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Topic summary contributed by volunteer(s): Lori

Disguised in meals for those less keen on cruciferous foods or eaten straight out, cauliflower is worth the effort.

What are the benefits of cauliflower?

Cauliflower is one of the vegetables that is especially good at boosting our intestinal defenses, which may lower the risk of inflammatory bowel diseases such as ulcerative colitis, as well as leaky gut. Cauliflower also contains a phytonutrient that acts through the Ah receptors, leads to frontline immune function against intestinal pathogens, and plays a role in boosting immune function. Bile binding—a predictor of how well a food lowers cholesterol—is another of its powers.

Like other cruciferous vegetables, cauliflower is capable of providing sulforaphane, which boosts our liver’s detoxifying enzymes. The enzymatic action from eating cauliflower may also protect brain, eyesight, fight against free radicals, induce detoxification enzymes, and help prevent and treat cancer.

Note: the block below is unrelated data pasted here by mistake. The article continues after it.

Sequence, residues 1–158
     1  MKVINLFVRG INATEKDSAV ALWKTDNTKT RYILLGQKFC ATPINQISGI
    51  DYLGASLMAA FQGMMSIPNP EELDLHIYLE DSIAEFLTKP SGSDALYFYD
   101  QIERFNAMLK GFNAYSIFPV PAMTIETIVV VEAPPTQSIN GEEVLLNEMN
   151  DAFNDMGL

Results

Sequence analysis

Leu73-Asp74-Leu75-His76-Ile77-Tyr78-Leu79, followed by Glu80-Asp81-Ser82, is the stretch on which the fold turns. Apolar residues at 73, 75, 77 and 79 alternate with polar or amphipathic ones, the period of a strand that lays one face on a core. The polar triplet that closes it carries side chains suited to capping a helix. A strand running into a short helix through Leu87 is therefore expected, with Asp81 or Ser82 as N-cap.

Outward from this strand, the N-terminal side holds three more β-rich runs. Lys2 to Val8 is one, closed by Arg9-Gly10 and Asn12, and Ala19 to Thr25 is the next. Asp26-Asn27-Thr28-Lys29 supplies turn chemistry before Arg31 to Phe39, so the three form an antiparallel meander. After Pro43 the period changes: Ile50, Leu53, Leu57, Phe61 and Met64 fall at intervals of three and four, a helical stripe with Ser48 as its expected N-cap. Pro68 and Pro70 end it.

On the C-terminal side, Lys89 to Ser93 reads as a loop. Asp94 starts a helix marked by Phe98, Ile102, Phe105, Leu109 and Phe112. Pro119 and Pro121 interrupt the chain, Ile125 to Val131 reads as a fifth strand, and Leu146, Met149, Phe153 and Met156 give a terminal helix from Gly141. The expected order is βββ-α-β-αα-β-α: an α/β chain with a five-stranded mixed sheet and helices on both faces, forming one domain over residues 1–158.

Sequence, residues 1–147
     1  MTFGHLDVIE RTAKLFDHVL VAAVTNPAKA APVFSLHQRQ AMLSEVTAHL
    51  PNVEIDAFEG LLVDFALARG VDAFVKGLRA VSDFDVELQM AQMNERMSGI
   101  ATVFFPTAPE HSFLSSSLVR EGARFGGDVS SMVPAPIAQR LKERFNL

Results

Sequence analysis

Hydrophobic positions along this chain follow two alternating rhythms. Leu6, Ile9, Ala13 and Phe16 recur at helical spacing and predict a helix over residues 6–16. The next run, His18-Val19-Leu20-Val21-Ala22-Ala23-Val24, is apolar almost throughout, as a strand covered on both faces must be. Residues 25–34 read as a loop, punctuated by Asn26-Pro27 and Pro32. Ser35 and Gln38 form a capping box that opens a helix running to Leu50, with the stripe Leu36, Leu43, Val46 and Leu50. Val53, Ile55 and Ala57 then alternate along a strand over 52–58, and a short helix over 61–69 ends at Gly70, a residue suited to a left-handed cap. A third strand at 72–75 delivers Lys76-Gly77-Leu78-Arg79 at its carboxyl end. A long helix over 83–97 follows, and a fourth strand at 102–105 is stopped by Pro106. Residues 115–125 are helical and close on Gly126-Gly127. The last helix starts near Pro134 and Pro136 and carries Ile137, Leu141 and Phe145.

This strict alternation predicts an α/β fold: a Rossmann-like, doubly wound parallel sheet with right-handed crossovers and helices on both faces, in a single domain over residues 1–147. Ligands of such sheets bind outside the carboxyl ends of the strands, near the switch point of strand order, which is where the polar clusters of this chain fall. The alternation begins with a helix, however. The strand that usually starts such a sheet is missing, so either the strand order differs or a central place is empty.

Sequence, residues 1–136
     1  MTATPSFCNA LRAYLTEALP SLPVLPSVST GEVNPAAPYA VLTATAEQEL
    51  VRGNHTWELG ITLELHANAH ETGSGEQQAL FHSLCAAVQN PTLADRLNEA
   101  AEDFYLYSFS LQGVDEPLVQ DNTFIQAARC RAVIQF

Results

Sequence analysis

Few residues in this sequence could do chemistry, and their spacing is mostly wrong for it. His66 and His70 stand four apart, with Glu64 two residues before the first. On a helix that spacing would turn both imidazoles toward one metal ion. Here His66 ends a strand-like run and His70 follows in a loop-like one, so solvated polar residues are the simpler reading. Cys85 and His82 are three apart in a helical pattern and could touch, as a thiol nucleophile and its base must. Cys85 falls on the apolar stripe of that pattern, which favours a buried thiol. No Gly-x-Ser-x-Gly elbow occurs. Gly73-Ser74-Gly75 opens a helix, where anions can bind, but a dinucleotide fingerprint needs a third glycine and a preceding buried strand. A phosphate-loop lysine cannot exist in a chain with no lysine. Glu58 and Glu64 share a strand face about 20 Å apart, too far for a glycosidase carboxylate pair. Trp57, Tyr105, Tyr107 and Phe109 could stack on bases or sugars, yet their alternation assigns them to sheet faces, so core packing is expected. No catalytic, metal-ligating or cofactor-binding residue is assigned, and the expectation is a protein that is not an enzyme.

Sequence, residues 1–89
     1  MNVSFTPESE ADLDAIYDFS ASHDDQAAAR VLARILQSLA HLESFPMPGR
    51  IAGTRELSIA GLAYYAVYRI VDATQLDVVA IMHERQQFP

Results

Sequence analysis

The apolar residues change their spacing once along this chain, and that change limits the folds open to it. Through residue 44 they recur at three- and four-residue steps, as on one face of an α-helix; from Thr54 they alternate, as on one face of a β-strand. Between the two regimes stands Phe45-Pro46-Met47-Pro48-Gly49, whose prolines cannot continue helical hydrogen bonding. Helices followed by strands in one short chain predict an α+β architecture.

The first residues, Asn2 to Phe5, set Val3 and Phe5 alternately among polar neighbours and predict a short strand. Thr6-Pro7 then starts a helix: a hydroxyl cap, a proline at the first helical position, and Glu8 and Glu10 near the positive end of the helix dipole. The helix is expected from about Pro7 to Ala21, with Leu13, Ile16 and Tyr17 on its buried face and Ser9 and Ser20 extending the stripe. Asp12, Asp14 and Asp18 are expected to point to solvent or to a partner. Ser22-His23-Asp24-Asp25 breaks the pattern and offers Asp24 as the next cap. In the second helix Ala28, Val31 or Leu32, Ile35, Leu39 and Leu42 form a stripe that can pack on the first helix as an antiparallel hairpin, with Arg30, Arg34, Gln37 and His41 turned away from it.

Cauliflower was found to be protective in people suffering with gout, possibly because of the fiber, folate, and vitamin C, which appear to protect against uric acid buildup and gout.

How to Get the Greatest Benefit

To assure that the enzyme sulforaphane is created, eat cauliflower raw or utilize the “whack and wait” technique: chop the cauliflower and wait 40 minutes—enough time to produce the enzyme—which will then be heat stable. If there is no time, all is not lost! Just sprinkle your frozen or cooked cauliflower with a little dry mustard powder which also encourages the formation of sulforaphane. Steaming of cauliflower significantly improves the bile acid binding. 

The information on this page has been compiled from the research presented in the videos listed. Sources for each video can be found by going to the video’s page and clicking on the Sources Cited tab.

Image Credit: Liz West / Flickr. This image has been modified.

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